IRA vs 401(k) vs Roth - Part 2

July 24, 2018

Last week, we talked about the differences between an IRA and a 401(k). Both are types of retirement accounts, and the 401(k) is typically administered through an employer, whereas almost anyone can open an IRA. Now, we are going to talk about the Roth versions of these same investment vehicles. I described them as different buckets.

Buckets

Orange Bucket

Roth IRA - stands for Roth Individual Retirement Account.

Quick History: This was established by the Taxpayer Relief Act of 1997, and named after the senator who sponsored the bill, William Roth from Delaware.

Why it came about: Roth wanted a more flexible retirement account option, particularly to be appealing to younger investors.

Pros:

  • Similar to IRA in these ways:
    • Available for all people with earned income in a calendar year, including the non-working spouses of people with earned income
    • Same contribution limits as a traditional IRA ($5,500 for individuals under age 50, $6,500 for those age 50+)
    • Protected in bankruptcy, up to $1 million
    • Can name your own beneficiary
    • Contributions grow tax-free
    • Easy to open and you can open one almost anywhere
    • You control the investments
  • However, the MAIN difference, and in my opinion, the main PRO of the Roth is that distributions, are not taxable*
  • Also–there are no mandatory distributions at age 70 ½

*You can always take out the contributions that you put into a Roth IRA, tax-free. You can only take out the earnings on those contributions, penalty-free, if you are age 59 ½, disabled, or dead. If you take them out before age 59 ½, you will owe income tax plus a 10% penalty.

Cons:

  • Similar to IRA in these ways:
    • Not through employer
    • Can’t take money out until you reach the age of 59 ½ without a 10% penalty (with some exceptions)
  • No tax deduction on contribution–the money goes in AFTER taxes
  • Income limitations on ability to contribute–if you make too much, you may not be able to contribute to a Roth (however, there is a potential way around this)
Red Bucket

Roth 401(k) - like a 401(k), only in a Roth form.

Quick History: Congress passed the Economic Growth and Tax Relief Reconciliation Act of 2001 (EGTRRA) which in part created a new form of retirement savings plan called a Roth 401(k). Employers had the option to use the provision as of January 1, 2006.

Why it came about: It was a way to combine Roth IRA provisions with an employer-sponsored plan.

Pros:

  • Similar to “traditional” 401(k) in these ways:
    • Higher contribution limits–($18,500 for individuals under age 50, $24,500 for individuals age 50+)
    • Protected from bankruptcy
    • Can name your own beneficiary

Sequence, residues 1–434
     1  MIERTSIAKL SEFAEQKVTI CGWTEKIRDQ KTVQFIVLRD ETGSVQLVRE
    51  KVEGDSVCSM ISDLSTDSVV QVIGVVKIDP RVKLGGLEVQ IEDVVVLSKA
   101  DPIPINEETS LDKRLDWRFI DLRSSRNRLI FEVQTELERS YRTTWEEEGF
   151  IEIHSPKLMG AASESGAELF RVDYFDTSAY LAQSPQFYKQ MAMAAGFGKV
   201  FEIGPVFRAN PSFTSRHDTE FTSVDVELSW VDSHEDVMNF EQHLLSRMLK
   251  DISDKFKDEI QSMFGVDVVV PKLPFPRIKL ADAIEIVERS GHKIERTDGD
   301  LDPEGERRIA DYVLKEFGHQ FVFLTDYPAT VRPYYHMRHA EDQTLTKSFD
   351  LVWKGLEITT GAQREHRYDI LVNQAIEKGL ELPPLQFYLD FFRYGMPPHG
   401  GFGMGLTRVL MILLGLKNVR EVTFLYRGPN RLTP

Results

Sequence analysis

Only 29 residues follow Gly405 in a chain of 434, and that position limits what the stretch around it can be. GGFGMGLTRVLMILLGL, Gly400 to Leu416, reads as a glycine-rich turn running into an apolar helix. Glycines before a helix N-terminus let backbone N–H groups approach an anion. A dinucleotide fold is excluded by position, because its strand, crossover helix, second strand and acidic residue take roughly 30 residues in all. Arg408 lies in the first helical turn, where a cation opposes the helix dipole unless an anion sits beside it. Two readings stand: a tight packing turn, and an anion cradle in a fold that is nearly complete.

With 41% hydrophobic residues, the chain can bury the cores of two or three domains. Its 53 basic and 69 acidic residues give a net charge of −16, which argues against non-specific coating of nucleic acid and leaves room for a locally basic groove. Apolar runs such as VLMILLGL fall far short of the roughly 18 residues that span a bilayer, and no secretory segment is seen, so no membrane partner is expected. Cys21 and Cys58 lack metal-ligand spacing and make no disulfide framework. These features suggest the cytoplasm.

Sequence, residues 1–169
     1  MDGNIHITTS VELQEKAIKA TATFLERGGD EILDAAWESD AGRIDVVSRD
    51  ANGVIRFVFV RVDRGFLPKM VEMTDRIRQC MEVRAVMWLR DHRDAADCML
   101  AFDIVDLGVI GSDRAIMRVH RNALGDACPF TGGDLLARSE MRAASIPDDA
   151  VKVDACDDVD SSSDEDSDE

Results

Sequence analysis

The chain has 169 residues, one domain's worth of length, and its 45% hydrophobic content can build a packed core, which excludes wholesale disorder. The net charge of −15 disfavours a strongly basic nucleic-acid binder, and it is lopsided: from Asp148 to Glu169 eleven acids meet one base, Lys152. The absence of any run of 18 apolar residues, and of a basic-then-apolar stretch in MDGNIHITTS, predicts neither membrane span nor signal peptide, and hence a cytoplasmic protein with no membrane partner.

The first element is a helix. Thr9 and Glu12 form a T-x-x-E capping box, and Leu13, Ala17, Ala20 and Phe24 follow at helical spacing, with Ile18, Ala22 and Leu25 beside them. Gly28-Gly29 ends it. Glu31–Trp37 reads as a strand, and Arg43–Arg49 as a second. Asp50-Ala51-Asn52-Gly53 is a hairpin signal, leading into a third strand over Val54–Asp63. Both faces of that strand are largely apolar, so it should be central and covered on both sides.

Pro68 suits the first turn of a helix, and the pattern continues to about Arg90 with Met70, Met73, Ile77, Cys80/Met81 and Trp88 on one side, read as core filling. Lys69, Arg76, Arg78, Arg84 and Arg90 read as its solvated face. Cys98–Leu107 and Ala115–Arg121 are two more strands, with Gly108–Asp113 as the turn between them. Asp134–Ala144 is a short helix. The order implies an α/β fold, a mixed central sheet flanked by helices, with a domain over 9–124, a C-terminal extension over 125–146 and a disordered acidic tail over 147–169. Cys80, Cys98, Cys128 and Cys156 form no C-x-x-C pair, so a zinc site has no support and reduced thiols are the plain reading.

• Contributions grow tax-free
    • Contributions can be made easily through payroll deductions
    • May be able take a loan
    • Employers may offer matching contributions–but typically it won’t be in the Roth part. You can still contribute to a Roth 401(k), but the employer contributions are typically entered pre-tax.
  • No income limitations to contribute. Whereas you may not be eligible to contribute to a Roth IRA due to how much you make, you don’t have any contribution limits with a Roth 401(k).
  • Do NOT have to take mandatory distributions
  • Distributions are non-taxable, as long as you are over age 59 ½ --this is HUGE. If you contribute $50k to your Roth 401(k) and when you retire, it has grown to $100k, then none of that $100k is taxable to you.

Cons:

  • Similar to “traditional” 401(k) in these ways:
    • Only have access to a 401(k) account through your employer
    • May not have as many options for investing
    • May have a waiting period before you are eligible to contribute
    • Can’t take money out until you reach the age of 59 ½ without a 10% penalty
  • Not all employers offer a Roth 401(k) option
  • Contributions are made after-tax, so no tax-break in the beginning

    Jill-splain this: Let’s go back to that $30k/year salary from the 401(k) example. If I still want to contribute 5%, or $1,500 to my 401(k), I choose the Roth option this time. $1,500 goes in. When I get my W-2, box 1 will indicate that I made $30k. I do not get a break on the income that I put into my Roth 401(k). But when I go to take it out, I won’t pay any tax. This makes the $1,500 after-tax, because I am technically paying taxes on that income, even though I am saving it away.

So, both of these Roth options are POST-TAX.

IRA Blog Graphic

You can have accounts in any number of these combinations–a 401(k), Roth 401(k), IRA, Roth IRA–you just cannot contribute more than the total limit, combined. So, you can contribute to both an IRA and a Roth IRA, but your total contributions to both, cannot exceed the $5,500 limit ($6,500 if you’re age 50+). Same with the 401(k) and Roth 401(k)–you can contribute to both options, but your total contributions for the year cannot exceed the limit for 401(k) contributions. Happy retirement saving!

Any opinions are those of Jill Carr and not necessarily those of RJFS or Raymond James. The information contained in this blog does not purport to be a complete description of the securities, markets, or developments referred to in this material. There is no assurance any of the trends mentioned will continue or forecasts will occur. The information has been obtained from sources considered to be reliable, but Raymond James does not guarantee that the foregoing material is accurate or complete. Any information is not a complete summary or statement of all available data necessary for making an investment decision and does not constitute a recommendation. Investing involves risk and you may incur a profit or loss regardless of strategy selected.

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